The government is being urged to halve the level of VAT on new electric vehicles to promote growth in the private sector.
The Society of Motor Manufacturers (SMMT) – which is making the call – states that according to its data, electric vehicle update has risen ‘almost 20-fold’, with ‘the Treasury reaping a VAT windfall due to these vehicles typically having higher purchase costs than their ICE counterparts’.
However, though battery electric vehicles accounted for one in six new cars registered during 2023, the vast majority of these were taken by business and fleet buyers who can take advantage of significant tax benefits. For private owners, the heightened cost of purchasing a new electric vehicle remains a key stumbling block, alongside the price of installing a charger at home. It’s why only one in 11 private buyers chose an EV last year.
With the end of the plug-in car grant in June 2022 – which brought a discount on the price of a new electric vehicle for private owners – the UK becomes the only European market with no EV purchasing incentives.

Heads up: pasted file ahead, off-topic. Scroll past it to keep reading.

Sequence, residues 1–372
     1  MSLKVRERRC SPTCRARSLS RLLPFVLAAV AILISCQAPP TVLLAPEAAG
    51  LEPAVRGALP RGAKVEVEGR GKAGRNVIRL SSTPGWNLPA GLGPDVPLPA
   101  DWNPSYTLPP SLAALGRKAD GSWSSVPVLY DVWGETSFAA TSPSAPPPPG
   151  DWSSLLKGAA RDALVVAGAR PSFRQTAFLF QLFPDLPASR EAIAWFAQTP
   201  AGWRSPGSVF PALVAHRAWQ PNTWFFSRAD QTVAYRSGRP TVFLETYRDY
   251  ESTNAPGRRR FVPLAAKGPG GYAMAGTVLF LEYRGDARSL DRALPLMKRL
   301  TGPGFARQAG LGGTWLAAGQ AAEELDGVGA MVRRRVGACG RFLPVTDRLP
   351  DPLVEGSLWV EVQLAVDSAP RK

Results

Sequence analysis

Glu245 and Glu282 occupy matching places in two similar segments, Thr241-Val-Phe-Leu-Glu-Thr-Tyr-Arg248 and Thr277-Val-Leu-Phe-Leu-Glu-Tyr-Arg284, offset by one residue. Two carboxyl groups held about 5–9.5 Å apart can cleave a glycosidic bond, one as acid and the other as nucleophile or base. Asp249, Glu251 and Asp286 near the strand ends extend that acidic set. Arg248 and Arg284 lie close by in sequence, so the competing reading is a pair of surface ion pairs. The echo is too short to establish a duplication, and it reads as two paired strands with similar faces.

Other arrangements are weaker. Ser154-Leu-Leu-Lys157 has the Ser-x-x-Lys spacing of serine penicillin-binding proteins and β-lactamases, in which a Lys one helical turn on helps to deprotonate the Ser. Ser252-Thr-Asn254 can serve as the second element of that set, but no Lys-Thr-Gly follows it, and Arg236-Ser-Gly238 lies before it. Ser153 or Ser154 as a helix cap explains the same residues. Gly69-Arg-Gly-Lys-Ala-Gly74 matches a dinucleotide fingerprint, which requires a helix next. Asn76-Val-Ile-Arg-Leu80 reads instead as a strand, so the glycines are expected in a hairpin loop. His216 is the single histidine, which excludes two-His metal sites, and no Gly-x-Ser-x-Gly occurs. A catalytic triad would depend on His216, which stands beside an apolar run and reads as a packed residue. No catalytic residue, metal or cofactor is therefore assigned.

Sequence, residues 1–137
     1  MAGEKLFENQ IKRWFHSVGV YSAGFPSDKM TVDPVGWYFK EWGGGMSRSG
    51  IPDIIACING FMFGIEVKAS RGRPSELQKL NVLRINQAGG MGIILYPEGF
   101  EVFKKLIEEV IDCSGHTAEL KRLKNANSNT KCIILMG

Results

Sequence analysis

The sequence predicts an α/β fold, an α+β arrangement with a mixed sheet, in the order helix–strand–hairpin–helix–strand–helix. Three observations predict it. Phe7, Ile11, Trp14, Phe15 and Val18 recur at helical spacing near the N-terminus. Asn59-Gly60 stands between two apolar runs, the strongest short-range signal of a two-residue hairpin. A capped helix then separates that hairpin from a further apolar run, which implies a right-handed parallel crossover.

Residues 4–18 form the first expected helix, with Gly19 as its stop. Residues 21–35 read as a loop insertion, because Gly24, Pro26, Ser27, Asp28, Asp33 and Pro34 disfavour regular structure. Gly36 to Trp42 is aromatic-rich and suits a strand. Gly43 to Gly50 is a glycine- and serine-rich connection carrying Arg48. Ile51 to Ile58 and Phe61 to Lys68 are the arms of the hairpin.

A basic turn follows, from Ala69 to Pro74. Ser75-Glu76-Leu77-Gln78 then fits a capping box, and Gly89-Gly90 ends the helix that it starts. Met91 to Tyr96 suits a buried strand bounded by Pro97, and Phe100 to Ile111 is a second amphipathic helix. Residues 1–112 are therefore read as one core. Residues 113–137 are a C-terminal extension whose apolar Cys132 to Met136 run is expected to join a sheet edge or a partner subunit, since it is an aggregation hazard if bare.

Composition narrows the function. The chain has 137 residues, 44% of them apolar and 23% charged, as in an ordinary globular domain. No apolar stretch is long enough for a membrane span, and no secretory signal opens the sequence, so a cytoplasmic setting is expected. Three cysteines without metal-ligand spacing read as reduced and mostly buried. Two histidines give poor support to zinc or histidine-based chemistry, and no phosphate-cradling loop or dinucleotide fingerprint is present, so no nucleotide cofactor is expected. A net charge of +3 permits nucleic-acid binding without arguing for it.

It’s why the SMMT says that ‘halving VAT would give consumers an estimated additional £7.7 billion in BEV [battery electric vehicles] buying power to the end of 2026 while reducing the Treasury’s tax take by just 22% per vehicle for each additional driver switching from an ICE to a BEV.’
The SMMT says that the move would ‘encourage’ 270,000 new car buyers to make the switch to an electric vehicle while pushing 1.9 million new electric vehicles onto the road by the end of 2026.
Mike Hawes, SMMT chief executive, said: “Government has challenged the UK automotive sector with the world’s boldest transition timeline and is investing to ensure we are a major maker of electric vehicles. It must now help all drivers buy into this future, with consumer incentives that will make the UK the leading European market for zero-emission vehicles.”